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Nikon D70s vs D80 Comparison

Storage & Battery

Nikon D70s

Nikon D70s

Nikon D80

Nikon d80 camera
Nikon D70s
Nikon D80
Refers to the year this camera was officially made available for sale.
Announcement Date
Refers to the date the manufacturer publicly announced the upcoming release and general specs of this camera.
April 20, 2005
August 09, 2006
Camera Type
Camera Size
Camera Weight

The Nikon D80 outperforms the Nikon D70s with a score of 34/100 compared to 29/100. Both cameras are DSLR models, announced in 2006 and 2005, respectively. They share similarities in their launch prices, with the D80 priced at $730 and the D70s at $700.

The D80 is superior in terms of size and weight, measuring 132 x 103 x 77mm and weighing 668g, making it more compact and lighter than the D70s, which measures 140 x 111 x 78mm and weighs 679g. This advantage makes the D80 easier to handle and carry around.

On the other hand, the D70s doesn’t offer any significant advantages over the D80. The slight difference in launch prices is negligible, considering the improvements in the D80.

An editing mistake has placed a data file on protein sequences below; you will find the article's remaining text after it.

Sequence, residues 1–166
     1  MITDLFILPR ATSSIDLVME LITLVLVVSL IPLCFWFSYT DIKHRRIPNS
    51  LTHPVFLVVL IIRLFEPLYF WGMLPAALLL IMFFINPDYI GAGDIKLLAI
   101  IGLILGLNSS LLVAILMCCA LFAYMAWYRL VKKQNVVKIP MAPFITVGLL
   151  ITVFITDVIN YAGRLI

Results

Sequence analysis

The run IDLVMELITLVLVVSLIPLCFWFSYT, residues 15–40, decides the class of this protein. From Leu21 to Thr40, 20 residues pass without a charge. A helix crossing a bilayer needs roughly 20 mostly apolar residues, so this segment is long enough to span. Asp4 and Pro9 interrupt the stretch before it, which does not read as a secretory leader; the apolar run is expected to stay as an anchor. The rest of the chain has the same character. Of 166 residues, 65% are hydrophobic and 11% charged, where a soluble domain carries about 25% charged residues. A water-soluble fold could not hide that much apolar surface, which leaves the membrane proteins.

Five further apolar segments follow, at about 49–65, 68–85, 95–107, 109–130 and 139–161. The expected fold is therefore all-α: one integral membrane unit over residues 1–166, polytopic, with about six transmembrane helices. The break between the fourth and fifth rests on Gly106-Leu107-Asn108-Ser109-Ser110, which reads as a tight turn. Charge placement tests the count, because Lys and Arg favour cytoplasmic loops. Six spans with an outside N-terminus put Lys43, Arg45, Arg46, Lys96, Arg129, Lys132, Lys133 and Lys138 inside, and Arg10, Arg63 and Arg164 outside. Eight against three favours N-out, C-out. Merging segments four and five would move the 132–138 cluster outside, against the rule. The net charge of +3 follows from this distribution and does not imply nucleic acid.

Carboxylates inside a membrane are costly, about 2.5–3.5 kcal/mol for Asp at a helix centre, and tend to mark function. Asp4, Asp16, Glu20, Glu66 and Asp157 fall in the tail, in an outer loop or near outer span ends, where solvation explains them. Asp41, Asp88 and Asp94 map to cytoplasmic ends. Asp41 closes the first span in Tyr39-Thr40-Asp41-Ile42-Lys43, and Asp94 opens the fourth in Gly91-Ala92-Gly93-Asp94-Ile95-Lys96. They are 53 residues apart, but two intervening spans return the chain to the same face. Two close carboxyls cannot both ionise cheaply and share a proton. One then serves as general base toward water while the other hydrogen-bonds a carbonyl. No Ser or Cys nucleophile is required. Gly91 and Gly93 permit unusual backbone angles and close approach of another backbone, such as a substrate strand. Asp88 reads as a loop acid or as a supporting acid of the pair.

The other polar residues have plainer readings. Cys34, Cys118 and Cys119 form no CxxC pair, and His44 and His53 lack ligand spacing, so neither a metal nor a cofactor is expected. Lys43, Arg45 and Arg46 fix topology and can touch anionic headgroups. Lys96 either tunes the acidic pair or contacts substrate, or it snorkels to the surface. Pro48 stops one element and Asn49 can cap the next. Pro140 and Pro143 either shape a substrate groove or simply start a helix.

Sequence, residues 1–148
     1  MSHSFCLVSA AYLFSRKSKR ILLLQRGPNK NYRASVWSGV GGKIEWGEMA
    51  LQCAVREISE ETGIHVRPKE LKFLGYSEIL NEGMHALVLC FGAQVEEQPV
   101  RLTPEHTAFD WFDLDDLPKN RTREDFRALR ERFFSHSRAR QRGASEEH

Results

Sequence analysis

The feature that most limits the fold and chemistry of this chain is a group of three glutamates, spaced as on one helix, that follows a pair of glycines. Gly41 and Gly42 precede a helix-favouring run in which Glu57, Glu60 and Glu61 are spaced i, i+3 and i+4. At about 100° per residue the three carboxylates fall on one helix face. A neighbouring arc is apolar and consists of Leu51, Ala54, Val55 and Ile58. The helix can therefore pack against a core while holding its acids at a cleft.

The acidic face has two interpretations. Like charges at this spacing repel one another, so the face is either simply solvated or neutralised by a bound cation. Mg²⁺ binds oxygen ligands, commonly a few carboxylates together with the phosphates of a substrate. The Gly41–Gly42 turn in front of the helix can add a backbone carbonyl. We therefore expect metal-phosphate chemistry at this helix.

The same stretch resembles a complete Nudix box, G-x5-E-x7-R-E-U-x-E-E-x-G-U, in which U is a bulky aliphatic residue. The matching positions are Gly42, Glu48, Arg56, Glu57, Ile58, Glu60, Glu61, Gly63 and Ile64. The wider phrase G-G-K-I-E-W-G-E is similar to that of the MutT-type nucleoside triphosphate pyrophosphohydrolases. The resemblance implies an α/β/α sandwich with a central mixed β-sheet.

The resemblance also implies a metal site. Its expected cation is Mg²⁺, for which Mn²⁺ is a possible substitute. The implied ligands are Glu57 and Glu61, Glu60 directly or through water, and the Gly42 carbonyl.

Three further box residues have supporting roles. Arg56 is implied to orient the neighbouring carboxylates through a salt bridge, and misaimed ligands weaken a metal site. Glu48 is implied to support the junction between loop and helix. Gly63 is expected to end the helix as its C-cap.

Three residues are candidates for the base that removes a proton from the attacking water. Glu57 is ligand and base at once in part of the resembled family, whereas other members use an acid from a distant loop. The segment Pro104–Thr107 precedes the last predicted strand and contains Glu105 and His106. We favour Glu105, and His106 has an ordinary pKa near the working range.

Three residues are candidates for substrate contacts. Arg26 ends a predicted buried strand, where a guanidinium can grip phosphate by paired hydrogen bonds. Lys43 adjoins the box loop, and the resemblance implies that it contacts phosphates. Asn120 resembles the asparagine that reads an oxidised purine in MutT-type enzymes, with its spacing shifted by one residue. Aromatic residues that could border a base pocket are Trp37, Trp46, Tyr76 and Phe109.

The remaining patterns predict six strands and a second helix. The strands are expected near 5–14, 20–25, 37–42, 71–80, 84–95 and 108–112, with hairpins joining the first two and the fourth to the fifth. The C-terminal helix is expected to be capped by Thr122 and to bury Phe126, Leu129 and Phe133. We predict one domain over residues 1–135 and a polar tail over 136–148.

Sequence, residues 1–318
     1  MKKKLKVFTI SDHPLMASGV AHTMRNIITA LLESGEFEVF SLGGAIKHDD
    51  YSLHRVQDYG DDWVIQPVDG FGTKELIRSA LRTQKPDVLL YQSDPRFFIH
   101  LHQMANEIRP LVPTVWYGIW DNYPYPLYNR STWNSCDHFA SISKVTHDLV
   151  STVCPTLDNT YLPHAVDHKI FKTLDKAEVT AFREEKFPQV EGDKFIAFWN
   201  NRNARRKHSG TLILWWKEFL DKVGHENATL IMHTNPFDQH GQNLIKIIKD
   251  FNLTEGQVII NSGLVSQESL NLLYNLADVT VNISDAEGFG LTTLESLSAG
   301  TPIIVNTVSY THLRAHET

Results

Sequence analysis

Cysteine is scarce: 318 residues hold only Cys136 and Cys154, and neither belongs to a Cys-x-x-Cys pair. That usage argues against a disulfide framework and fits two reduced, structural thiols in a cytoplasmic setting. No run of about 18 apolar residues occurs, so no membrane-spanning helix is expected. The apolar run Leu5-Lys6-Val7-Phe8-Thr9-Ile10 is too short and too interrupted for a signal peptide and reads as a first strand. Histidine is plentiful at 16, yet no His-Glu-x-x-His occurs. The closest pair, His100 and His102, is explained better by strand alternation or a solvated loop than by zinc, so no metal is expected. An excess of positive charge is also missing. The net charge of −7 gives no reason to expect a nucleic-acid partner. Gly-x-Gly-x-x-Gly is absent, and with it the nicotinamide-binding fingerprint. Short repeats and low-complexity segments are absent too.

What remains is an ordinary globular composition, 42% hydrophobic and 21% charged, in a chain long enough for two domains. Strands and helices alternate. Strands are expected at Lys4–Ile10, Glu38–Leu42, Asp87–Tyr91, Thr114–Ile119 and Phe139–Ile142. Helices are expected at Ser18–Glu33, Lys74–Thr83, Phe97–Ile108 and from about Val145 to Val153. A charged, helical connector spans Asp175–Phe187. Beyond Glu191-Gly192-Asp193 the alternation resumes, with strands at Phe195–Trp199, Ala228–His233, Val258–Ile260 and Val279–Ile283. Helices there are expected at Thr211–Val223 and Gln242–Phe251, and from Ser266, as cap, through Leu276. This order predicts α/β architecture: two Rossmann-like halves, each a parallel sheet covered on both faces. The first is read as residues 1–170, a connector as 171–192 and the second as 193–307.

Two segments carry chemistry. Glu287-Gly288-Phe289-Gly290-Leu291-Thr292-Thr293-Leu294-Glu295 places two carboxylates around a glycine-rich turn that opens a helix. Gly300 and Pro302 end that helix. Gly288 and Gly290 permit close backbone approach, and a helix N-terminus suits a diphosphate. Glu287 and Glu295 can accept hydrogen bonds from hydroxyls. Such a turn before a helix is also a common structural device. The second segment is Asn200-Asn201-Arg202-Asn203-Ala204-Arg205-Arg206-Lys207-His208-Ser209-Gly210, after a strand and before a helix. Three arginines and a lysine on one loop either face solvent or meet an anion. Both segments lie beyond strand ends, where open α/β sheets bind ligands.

Taking these factors into account, it’s clear that the Nikon D80 is a better choice for photographers looking for a compact and lightweight DSLR camera, while the Nikon D70s doesn’t provide any notable benefits over its counterpart.

Nikon D70s vs D80 Overview and Optics

The Nikon D80 outshines the Nikon D70s in the optics department, scoring 39 out of 100 points, compared to the D70s’ score of 35. Both cameras share some common specifications, such as the same shooting speed of 3 frames per second, a CCD sensor type, Nikon Image processing engine, APS-C sensor size, Nikon F DX lens mount, and the absence of image stabilization.

The D80’s superiority in optics is primarily due to its higher megapixel count of 10, compared to the D70s’ 6.1 megapixels. This difference allows the D80 to capture more detailed images, resulting in better quality photos. Additionally, the D80 has a higher DXOMARK score for its sensor at 61, while the D70s only scores 50. This higher score shows that the D80’s sensor performs better in terms of color depth, dynamic range, and low-light performance.

The D70s, on the other hand, does not have any specific advantages in optics over the D80. Both cameras have the same shooting speed, sensor type, processor, sensor size, lens mount, and lack of image stabilization. The D70s only falls behind the D80 in terms of megapixels and sensor performance.

Taking into account the differences in optics, the Nikon D80 is the clear winner over the Nikon D70s. Its higher megapixel count and better sensor performance contribute to its superior image quality. While the D70s does not offer any advantages in this area, it does share some common specifications with the D80. Ultimately, photographers looking for better optics should opt for the Nikon D80.